The narrator explains that though we know living things to have souls, there is still some speculation about an inanimate object, but the story that follows is meant to raise that question further.  The narrator explains that there was a street that became the first home of settlers from Europe, where they set up their cabins and rallied to fight the Indians.  The story tells all about its flourishing developments and prospering as the United States became a more prosperous place.  From log-cabins to houses with a paved road and signs of modernity, the street becomes a place to admire  However, slowly new immigrants began to penetrate the street and these people brought with them strange tongues and traditions.  Their presence begins to bring down the value and importance of the street.  Worse, they begin to plot the overthrow of the country and wish to do harm to those who have made the country great.  On the eve of their assault, the street rebels and brings down all the houses with the men in them, leaving very few if any alive in them.


Reflection

And here where is where Lovecraft shows his true stripes as xenophobic bigot.  The tale seems focused largely on the spread of communism at the end, but is a crudely hidden rant about the "foreigner" and how they are going to undo the prestige and power of the Anglo-Saxon tradition.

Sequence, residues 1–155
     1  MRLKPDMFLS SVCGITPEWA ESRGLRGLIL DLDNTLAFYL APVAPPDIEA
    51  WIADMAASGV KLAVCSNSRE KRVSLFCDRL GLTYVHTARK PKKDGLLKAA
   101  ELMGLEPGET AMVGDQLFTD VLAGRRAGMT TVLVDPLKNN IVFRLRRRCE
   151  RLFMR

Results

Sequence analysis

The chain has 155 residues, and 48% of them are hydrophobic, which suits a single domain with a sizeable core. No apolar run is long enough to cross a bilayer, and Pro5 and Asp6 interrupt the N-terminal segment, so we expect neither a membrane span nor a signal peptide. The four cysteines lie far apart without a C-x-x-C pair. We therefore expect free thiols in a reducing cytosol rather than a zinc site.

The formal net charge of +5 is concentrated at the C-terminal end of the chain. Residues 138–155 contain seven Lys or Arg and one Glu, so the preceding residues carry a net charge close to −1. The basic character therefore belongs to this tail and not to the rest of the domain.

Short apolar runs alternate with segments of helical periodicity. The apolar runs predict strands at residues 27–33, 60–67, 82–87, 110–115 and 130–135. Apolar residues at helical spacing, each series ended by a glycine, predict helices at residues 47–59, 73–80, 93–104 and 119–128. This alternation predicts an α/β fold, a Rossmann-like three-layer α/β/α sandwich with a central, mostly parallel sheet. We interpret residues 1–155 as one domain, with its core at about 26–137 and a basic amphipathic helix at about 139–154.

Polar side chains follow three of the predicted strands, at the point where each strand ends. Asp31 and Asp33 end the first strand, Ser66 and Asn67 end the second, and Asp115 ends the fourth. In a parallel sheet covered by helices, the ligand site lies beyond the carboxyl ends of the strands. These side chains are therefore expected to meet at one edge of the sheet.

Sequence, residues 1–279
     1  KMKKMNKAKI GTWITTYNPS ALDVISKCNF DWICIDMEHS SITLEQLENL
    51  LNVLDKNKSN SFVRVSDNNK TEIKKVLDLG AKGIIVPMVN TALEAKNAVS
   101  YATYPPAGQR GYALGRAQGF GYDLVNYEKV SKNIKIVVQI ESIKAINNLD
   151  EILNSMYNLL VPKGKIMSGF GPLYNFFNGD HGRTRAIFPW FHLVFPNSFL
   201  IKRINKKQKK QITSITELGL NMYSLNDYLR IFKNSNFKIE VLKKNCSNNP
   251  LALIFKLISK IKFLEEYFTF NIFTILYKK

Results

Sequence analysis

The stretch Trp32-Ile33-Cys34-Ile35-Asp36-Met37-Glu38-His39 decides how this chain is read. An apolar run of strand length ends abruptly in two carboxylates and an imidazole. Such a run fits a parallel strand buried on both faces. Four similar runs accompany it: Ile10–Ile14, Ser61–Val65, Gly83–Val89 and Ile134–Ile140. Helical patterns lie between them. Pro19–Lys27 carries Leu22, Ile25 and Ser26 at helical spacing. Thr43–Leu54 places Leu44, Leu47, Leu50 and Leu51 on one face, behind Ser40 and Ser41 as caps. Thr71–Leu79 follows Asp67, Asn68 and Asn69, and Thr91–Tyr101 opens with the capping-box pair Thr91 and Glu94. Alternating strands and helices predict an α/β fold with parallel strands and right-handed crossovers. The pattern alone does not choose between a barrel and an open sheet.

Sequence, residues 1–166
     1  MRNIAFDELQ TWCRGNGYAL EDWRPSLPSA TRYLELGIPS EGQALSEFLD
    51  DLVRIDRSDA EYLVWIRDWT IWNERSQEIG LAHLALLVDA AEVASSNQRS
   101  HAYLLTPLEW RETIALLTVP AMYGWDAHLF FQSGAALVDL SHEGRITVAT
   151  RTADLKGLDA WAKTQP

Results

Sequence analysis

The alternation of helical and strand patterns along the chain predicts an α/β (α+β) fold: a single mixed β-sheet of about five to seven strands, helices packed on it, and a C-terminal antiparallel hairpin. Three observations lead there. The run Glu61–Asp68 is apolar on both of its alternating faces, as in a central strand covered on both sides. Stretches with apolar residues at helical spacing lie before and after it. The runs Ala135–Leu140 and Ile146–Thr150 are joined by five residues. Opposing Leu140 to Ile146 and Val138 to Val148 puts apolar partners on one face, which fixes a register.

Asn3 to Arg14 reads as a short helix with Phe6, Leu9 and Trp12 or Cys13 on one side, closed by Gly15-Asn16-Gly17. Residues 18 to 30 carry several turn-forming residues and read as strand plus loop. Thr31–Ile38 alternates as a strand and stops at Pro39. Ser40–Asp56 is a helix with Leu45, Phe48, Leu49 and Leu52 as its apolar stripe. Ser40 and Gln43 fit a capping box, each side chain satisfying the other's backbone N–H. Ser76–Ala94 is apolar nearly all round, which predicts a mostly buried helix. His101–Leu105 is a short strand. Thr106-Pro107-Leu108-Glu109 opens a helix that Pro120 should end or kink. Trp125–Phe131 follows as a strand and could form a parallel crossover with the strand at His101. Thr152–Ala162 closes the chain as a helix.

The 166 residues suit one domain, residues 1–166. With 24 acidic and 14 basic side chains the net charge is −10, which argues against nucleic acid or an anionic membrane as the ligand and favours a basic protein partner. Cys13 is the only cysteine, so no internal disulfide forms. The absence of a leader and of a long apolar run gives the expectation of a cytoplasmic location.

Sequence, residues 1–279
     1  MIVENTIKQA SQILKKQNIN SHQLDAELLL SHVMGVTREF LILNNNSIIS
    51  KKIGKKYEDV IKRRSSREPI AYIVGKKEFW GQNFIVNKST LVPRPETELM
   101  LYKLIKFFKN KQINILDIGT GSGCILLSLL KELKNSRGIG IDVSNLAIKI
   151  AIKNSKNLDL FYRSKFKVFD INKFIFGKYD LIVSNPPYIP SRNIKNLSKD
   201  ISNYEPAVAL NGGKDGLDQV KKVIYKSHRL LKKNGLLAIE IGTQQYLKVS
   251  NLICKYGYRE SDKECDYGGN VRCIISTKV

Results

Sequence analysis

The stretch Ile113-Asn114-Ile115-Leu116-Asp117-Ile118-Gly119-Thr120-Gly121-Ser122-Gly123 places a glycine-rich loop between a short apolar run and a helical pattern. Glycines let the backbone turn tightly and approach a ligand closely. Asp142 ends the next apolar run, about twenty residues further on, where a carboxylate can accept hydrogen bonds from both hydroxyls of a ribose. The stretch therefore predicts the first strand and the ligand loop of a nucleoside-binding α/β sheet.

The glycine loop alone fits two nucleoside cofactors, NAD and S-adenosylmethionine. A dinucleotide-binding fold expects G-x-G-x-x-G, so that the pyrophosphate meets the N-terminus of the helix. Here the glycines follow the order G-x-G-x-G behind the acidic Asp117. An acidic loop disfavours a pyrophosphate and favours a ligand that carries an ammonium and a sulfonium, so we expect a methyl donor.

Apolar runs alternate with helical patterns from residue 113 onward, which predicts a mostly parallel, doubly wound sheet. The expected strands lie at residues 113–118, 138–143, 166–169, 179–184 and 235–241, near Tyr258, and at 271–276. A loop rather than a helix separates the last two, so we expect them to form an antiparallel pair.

Rating:  1 (out of 5 stars)

Source:  I read this version  of a the complete works of H. P. Lovecraft from Red Skull Publishing (that's their book cover too).  However, you can find all of H. P. Lovecraft's work for free at this website.  

For a full listing of all the short stories in this series, check out the category 365 Short Stories a year.


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Image of the Week #28: "The Woman of Today"

The Wellesley News (04-15-1920)

What Is It


An advertisement from the Wellesley News, the student newspaper of Wellesley College, from the late 1910s. 


Why I Find It Interesting

I'm curious if the image of the woman on the right is indeed the "The Dress of the Hour for the Woman of To-Day."  If so, I'm curious about what makes it the dress of the hour?  The image on the right is curious because showing a women in a dress ringing a bell invokes the message of the dress of the hour.  She's ringing the hourly bell in her new dress.  However, it also denotes a sense of freedom as her outfit also seems to evoke a revolutionary garb and the most famous bell, the liberty bell, being run.  The image captures both of these ideas while the ad also reports that the dress is "serviceable, practical, smartly tailored"-which hint at a freedom of movement for the modern woman.